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Seattle Station Area Planning

Transit-Oriented Development in Other Cities

Seattle’s light rail system will not be the first on the West Coast. The BART system built in the San Francisco Bay Area in the 1960s was the first regional rail system constructed in the U.S. in more than 50 years. Since then, urban rail systems have been completed in ten U.S. cities on the West Coast and in Vancouver, B.C. These cities have had varying levels of success in attracting transit-oriented development around the rail stations. Seattle can learn from these experiences, taking advantage of the opportunities presented and avoiding the mistakes made elsewhere.

To understand what tools work best to encourage transit-oriented development, we need to compare Seattle's station areas with similar areas and evaluate what makes most sense for this city and our neighborhoods. The chart on the next page shows some relevant North American cases of transit-oriented development as they relate to specific station types and the tools to make development happen. In looking for examples comparable to Seattle, specific station area characteristics need to be evaluated: whether the station is underground, at-grade or elevated, how many people use the station, and what other transportation connections are provided. This summary is the first step. Here are some preliminary findings:

Station Area Planning: All types of station areas benefit from planning, but the greatest results come when station area planning is carried out through zoning, public improvements, development financing packages, and effective marketing programs, as in Portland, San Jose, and the Hayward and Fruitvale BART station areas. Where station development plans are overly restrictive and do not relate to market conditions, as in some Washington, DC communities, transit-oriented development does not occur.

Pedestrian-Supportive Infrastructure: Pedestrian amenities, links with shopping centers as at the El Cerrito and Fruitvale BART stations and some San Diego stations, and other improvements, as in Downtown Portland, San Diego, San Francisco and Vancouver, coupled with zoning that requires rain-protection and other features enhance the pedestrian environment. Direct pedestrian connections between office buildings and rail stations, as in San Diego and San Francisco, improve transit access.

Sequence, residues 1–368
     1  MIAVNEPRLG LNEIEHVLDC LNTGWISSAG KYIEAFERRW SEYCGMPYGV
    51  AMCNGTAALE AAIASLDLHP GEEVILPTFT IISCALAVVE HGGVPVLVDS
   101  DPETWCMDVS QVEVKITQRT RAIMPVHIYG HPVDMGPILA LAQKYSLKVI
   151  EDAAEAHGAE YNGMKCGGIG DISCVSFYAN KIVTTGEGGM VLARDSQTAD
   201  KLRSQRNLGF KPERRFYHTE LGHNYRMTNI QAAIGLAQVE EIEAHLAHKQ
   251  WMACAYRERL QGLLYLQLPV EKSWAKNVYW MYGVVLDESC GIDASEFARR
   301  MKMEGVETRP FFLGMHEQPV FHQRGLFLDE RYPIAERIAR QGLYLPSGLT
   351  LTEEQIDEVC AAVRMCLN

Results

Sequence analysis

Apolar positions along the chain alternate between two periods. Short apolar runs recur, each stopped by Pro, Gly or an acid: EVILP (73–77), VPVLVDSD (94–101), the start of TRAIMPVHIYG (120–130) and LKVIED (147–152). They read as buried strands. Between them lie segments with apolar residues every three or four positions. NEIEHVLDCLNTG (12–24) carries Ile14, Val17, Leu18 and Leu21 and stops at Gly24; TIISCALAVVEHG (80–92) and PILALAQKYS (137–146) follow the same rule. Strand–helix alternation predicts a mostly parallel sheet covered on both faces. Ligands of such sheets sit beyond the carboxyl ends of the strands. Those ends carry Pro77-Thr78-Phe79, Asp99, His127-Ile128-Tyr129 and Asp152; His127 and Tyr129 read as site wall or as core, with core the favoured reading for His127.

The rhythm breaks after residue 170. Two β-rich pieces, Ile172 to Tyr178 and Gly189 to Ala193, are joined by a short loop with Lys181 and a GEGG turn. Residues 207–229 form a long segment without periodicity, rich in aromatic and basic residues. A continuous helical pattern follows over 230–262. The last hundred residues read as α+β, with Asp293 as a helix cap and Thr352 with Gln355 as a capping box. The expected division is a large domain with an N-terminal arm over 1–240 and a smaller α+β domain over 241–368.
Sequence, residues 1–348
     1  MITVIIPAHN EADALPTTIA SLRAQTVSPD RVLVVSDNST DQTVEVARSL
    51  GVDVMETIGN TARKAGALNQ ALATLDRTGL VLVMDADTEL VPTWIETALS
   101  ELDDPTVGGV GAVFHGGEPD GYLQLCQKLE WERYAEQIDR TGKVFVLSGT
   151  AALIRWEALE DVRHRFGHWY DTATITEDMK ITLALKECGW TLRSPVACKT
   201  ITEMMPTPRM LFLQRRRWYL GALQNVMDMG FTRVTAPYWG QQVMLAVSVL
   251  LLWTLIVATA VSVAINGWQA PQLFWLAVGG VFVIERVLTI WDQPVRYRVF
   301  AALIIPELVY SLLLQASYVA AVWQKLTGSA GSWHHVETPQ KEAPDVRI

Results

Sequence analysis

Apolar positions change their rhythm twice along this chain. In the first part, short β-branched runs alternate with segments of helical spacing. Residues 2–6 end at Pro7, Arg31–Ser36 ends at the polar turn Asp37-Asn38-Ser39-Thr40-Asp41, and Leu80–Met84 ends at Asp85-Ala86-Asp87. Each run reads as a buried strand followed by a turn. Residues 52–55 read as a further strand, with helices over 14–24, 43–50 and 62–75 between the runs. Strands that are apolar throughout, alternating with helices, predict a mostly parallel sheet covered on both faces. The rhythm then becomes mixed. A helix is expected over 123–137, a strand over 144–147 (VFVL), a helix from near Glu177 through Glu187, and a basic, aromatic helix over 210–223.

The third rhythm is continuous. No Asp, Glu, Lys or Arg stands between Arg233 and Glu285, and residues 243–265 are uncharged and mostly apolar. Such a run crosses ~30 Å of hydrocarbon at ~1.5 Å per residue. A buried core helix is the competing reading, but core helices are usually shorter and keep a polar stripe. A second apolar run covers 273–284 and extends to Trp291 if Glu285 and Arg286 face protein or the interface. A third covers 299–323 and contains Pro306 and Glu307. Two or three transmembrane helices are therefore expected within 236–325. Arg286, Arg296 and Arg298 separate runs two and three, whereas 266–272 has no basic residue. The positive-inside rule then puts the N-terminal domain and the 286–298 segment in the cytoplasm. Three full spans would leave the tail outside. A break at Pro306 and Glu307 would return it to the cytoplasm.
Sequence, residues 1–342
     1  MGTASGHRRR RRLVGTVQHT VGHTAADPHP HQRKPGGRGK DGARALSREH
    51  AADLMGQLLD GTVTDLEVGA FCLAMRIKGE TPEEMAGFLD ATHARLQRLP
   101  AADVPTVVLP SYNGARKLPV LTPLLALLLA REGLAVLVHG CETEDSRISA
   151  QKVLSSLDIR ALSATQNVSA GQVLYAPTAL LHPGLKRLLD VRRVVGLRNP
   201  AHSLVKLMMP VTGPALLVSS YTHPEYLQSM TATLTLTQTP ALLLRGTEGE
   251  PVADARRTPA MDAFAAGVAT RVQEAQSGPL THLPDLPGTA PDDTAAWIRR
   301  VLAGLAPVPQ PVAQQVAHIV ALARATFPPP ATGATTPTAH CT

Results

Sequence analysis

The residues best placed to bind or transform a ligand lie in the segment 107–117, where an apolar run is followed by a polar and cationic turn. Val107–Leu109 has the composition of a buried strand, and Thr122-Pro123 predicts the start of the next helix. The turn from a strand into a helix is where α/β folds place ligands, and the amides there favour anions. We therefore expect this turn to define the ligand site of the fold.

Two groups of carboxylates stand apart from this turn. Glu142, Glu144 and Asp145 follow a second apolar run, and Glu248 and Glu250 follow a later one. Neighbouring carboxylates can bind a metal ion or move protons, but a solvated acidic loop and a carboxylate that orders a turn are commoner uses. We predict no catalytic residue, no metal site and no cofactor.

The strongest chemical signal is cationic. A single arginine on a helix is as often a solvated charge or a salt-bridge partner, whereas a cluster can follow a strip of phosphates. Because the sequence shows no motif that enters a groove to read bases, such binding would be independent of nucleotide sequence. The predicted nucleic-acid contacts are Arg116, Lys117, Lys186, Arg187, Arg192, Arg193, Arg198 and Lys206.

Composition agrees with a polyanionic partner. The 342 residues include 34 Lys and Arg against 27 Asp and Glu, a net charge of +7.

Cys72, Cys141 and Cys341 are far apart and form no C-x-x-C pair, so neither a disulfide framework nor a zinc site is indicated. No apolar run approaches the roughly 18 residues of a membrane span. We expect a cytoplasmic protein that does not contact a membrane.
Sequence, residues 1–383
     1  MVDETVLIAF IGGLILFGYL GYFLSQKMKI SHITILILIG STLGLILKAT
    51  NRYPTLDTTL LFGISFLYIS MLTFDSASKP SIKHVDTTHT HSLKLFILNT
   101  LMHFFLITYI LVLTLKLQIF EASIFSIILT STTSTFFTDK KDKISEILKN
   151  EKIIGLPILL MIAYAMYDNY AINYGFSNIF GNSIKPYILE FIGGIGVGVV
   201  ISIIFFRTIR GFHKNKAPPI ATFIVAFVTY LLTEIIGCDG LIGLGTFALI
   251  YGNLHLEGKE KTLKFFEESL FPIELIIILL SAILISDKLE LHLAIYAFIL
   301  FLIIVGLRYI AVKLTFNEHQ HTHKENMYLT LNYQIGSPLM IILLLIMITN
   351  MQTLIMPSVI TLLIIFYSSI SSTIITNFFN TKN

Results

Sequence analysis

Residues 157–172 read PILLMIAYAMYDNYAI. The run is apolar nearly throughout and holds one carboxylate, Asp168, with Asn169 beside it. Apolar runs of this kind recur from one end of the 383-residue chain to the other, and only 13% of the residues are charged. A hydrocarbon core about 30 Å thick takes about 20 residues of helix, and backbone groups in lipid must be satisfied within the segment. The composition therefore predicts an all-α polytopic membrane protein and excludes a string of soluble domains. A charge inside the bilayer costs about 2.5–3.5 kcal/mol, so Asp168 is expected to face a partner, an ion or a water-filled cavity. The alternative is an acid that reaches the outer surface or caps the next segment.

Parking: Parking “lids” in Downtown Portland and reduced parking requirements in Sacramento have helped make transit-oriented development viable. Shared parking structures have also been built, although developers may be reluctant to participate. Also notable is that BART's requirement for 1:1 replacement parking has hampered joint development prospects. Management and Shared Parking

Zoning and Expedited Development Review: Overlay districts, use controls, building standards and requirements for pedestrian facilities help tailor zoning to station areas in Portland, Sacramento, San Francisco and San Diego. Adequate zoning, coupled with reduced parking requirements, helps attract transit-oriented development. “Fast-track” permit approvals have helped development around the Washington, DC Metro stations, while “umbrella” environmental review has shortened the review time around some BART stations where projects conform to station area plans.

Public Assistance: Redevelopment agencies have helped transit-oriented development in Oakland, Sacramento, San Diego, San Francisco, and Portland, both with land assembly and financing. However, legal constraints may limit the scope of assistance that can be offered. In general, public investments can build confidence in the process and spur additional investments in station areas. Community facilities, such as day care and street beautification, also help. Finally, the public sector must be willing to support TOD with economic development policies where local real estate markets are weak.

Transit Service: Neighborhood access routes and “timed-transfer” arrangements, as in Portland, Vancouver, Tacoma, San Francisco and San Diego, help improve access to local businesses and employment centers. They also support the regional rail transit, commuter rail, and express bus systems. Local

June 1998

City of Seattle Strategic Planning Office 600 4th Avenue, Room 300 Seattle, WA 98104

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